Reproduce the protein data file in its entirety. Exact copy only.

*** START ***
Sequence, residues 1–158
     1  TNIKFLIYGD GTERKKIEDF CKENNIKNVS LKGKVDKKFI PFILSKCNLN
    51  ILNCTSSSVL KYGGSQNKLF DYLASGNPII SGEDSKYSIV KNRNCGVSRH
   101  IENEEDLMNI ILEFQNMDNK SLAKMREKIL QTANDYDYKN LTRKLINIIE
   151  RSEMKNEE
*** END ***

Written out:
Sequence, residues 1–158
     1  TNIKFLIYGD GTERKKIEDF CKENNIKNVS LKGKVDKKFI PFILSKCNLN
    51  ILNCTSSSVL KYGGSQNKLF DYLASGNPII SGEDSKYSIV KNRNCGVSRH
   101  IENEEDLMNI ILEFQNMDNK SLAKMREKIL QTANDYDYKN LTRKLINIIE
   151  RSEMKNEE